crimesider

Judge throws out New York "Revenge Porn" case

CBS News

New York's first "revenge porn" court case was thrown out last week by a Manhattan judge who ruled that a man who posted nude pictures of his then-girlfriend to Twitter didn't commit the crimes with which he was charged.

Advocates say the case highlights a need for more legislation to criminalize "revenge porn," or the online posting of explicit photographs without the consent of the person in the image. In some revenge porn cases, victims give the photos to a dating partner consensually - but don't consent to the photo being shared publicly.

Ian Barber, of Brooklyn, was accused of posting nude photos of his ex-girlfriend on his Twitter account and sending them to the woman's employer and sister last year. Barber said the woman gave him permission to post the photos, though the woman denied that she did.

The case "appears to be the first in which a New York court has considered criminal charged stemming from what has come to be known as "revenge porn," Criminal Court Judge Steven Statsinger wrote in his ruling. The dismissal was first reported by the New York Daily News.

Barber was charged with aggravated harassment, dissemination of unlawful surveillance and public display of offensive sexual material. While the judge ruled that the conduct of 29-year-old Barber was "reprehensible," he nonetheless did not "violate any of the criminal statutes under which he is charged."

Advocates agree.

"Given the charges levied against this defendant, none of them were applicable in this case," University of Miami Law School professor Mary Anne Franks told CBS News' Crimesider. "It's a textbook example of why there's a gap in the law."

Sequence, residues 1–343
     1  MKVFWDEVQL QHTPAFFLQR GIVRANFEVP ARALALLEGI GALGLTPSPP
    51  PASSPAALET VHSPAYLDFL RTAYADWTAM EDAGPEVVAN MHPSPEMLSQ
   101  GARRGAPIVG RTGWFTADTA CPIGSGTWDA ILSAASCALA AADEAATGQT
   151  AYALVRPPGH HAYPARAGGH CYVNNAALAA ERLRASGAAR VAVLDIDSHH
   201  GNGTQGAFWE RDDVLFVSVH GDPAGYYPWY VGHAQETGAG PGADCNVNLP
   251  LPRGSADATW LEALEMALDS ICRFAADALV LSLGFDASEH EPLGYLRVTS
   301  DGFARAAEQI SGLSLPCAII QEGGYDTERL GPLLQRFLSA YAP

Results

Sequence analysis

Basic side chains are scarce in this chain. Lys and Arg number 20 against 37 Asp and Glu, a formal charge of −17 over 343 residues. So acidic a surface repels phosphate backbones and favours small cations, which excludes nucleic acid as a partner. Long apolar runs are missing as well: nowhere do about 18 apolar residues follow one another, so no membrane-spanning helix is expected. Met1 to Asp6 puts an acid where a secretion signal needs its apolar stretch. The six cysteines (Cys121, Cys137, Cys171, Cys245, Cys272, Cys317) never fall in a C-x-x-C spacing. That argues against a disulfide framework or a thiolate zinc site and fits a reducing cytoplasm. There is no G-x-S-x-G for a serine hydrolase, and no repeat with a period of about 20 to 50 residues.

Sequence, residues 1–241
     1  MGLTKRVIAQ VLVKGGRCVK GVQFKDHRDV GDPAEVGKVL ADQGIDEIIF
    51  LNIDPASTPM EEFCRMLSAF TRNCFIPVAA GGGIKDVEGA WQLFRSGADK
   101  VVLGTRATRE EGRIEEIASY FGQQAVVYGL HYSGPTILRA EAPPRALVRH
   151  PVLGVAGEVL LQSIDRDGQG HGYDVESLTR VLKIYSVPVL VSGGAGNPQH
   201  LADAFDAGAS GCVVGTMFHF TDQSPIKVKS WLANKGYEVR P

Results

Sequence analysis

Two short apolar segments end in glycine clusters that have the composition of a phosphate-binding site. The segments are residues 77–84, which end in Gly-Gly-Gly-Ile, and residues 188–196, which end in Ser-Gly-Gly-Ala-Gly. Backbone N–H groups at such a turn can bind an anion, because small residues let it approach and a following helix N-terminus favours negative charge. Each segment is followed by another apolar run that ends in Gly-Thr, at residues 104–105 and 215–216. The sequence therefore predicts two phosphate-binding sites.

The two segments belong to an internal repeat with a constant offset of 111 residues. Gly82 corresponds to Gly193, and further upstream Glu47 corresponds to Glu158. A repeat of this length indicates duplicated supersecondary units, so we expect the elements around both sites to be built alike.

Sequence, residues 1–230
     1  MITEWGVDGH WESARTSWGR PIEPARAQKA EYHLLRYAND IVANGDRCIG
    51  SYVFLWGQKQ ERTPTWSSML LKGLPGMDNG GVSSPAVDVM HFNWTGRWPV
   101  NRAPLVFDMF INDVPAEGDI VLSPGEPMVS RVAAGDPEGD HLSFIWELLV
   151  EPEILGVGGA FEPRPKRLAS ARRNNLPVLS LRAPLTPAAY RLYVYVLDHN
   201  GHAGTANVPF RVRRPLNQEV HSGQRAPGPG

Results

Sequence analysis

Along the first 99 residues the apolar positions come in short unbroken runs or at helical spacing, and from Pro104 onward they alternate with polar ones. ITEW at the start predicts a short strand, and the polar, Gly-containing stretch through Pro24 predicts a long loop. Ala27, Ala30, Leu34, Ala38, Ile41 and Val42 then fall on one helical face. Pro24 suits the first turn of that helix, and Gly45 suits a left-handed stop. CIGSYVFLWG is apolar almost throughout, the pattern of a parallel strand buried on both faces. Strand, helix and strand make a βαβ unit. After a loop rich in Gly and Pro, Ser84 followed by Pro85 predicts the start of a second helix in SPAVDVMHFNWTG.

According to Franks, the judge didn't err in his ruling - rather, the problem is a lack of legislation that criminalizes non-consensual pornography, a practice advocates say can be devastating for victims.

"It seemed like a concerted effort to cause [the victim] humiliation, substantial emotional distress and really to scare her," said Danielle Citron, a professor at the University of Maryland's Carey School of Law. "I think it should be criminal behavior. It sounds like in New York, the statute doesn't really capture the wrong."

The state's "dissemination of an unlawful surveillance image" statute requires that the perpetrator obtains the image unlawfully, which wasn't alleged in the case, the judge ruled. The harassment charge required that the perpetrator send unwanted communication or threats to the victim, which also wasn't alleged.

Barber was also charged with the public display of offensive material, but the judge ruled that "merely posting nude pictures on a Twitter account or sending them to a small number of private individuals does not violate this section."

Only three states - Alaska, New Jersey, and most recently, California - currently have legislation that criminalizes revenge porn, said Citron, author of the upcoming book, "Hate 3.0: A Civil Rights Agenda to Combat Discriminatory Online Harassment." While New York is one of 13 states that currently has "revenge porn" legislation under consideration, it's not yet on the books.

Not all revenge porn laws are perfect, Citron said. California's law, for example, has come under criticism from advocates because it doesn't protect victims who take photos of themselves that are later shared without their consent.

In large part, the lack of legislation across the country is because because of a lack of awareness, Citron said, along with an attitude that victims assume the risk when they share intimate photos. However, she said, just as one might entrust a neighbor with an alarm code with the expectation that that they keep it private, "consent is contextual."

"What we entrust with someone for one purpose, they can't then use it for another," Citron said. "Consent is bounded by the situation in which it's given."

Victims coming forward to share their stories publicly has had a large impact when it comes to new legislation being drafted, she said.

'In the last six months to a year, victims have come forward in a way that's so brave - it makes their privacy invasions more public - to speak about revenge porn," Citron said. "I think lawmakers have started to really understand the grave harms it causes and have moved forward trying to act to protect victims."

  • Erin Donaghue

    Erin Donaghue covers crime for CBSNews.com's Crimesider.

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